He moved to New York several years ago when Barack Obama was President. “As soon as I started living here, it turned to this,” he says. “And so I’m very angry, I feel like I’ve been short-changed. I feel like finally I’m in this land of opportunity and it’s turned into Russia.
“Some of the crap he says is beyond parody, so it has become very difficult for us to find a gauge, to make something seem silly, because it already is silly.
“We’ll be like, what’s the Trump angle and how do we make this funny without just showing what happened? So what’s our take on it, so we’re trying to develop a unique voice in the process.
“I guess we’re outsiders looking in, in a way. We’re Aussies in America, so we do have a unique take on American politics.”
Today I spoke to Gen and Lewis on Triple J about the new pod, drawing Larry David and being a cartoonist in the Trump era. Click image above to listen to the interview.
Aussie New Yorker cartoonist Jason Chatfield on caricaturing Trump
Gen and Lewis were joined down the line by ‘Australia’s most widely syndicated cartoonist’, Jason Chatfield, only to be lightly roasted by the magic of cartoons.
Jason’s work has been seen in over 120 newspapers in over 30 countries around the world and you might have seen his work on Ginger Meggs, MAD Magazine and the New Yorker. He’s also recently started a podcast with triple j alum Scott Dooley where they workshop ideas for New Yorker. He joined us to talk through how he got here and one Trump doodle in particular.
One of Jason’s career highlights to date (/highlight of his life, in general) was when he was asked to draw Larry David for the wall of Sardi’s Restaurant (a New York institution). At the time he wrote: ‘I don’t know quite how to describe how much I revere Larry.’ It was a big moment. So, how did he get here? How did he go from Perth to caricaturing his “spirit animal” for the world’s most legendary wall of caricatures?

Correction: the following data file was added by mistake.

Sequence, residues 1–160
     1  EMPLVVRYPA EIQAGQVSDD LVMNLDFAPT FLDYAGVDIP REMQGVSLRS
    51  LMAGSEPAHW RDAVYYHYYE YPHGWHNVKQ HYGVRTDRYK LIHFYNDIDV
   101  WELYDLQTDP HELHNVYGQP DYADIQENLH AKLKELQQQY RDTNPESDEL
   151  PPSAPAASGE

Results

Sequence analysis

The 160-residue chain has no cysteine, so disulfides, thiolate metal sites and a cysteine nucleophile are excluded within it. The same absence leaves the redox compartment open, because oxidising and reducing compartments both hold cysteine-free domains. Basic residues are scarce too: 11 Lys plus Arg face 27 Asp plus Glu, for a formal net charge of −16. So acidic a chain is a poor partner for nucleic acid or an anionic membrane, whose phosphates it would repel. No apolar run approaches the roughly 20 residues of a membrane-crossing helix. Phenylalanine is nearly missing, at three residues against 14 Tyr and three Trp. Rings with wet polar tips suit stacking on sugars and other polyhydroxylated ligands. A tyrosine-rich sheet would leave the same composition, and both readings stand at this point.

According to Jason, it was a relatively classic tale: he used to get in trouble doing it in school until someone paid him to draw a teacher and he was off. Also, says Jason, “It was really just the only employable skill I seemed to have — you know, makin’ jokes — so I pretty much just did it as a hobby until it became a job.”
He’d previously been working as a printer during the day and doing caricatures at night. “I was burning myself out, burning the candle at both ends, so I decided to ditch the full-time job when I was like 19 or 20.” So after transitioning into officially being a cartoonist, how did he start making money? “It isn’t easy, I’ll give it that,” says Jason. “You’ve kind of gotta be able to do everything. You’ve got to be able to do political cartoons, and comic strips, and caricatures, and illustrations, and animations, and everything so you become a bit of an all-rounder.”
But by working in America, Jason says, he’s been able to specialise “because there’s enough work to go around.” Having said that, Jason is currently writing for MAD, doing cartoons for the New Yorker, writing Ginger Meggs everyday, doing stand-up at night and podcasting with Dools, so his work is being spread far and wide.
‘Is There Something In This?’ began because they were already workshopping ideas for cartoons at the pub anyway. So at some point, Scott suggested it might make a good podcast. To which Jason replied: “Absolutely not. There’s no way that anyone wants to listen to us talk about a visual medium but we did it and I’m being proven an idiot every week because it’s become very popular over here.”
One of the cartoons they workshopped, which was eventually bought by the New Yorker, was of Trump around the time of the National School Walkout to protest gun violence. It got back to Jason, through a lobbyist friend who was in the White House on the day it came out, that Trump actually liked it. “It was the worst day of my life,” says Jason.
“The best thing for a cartoonist is if someone doesn’t like your cartoon if you drew them. If you do a political cartoon and the politician hates it, then you’ve really done your job.”
"Apparently he just didn't read the tag and he just saw his face and must have loved it. He blocked me on Twitter a while ago, though, so I haven't actually been able to read his tweets for a while. It's bliss."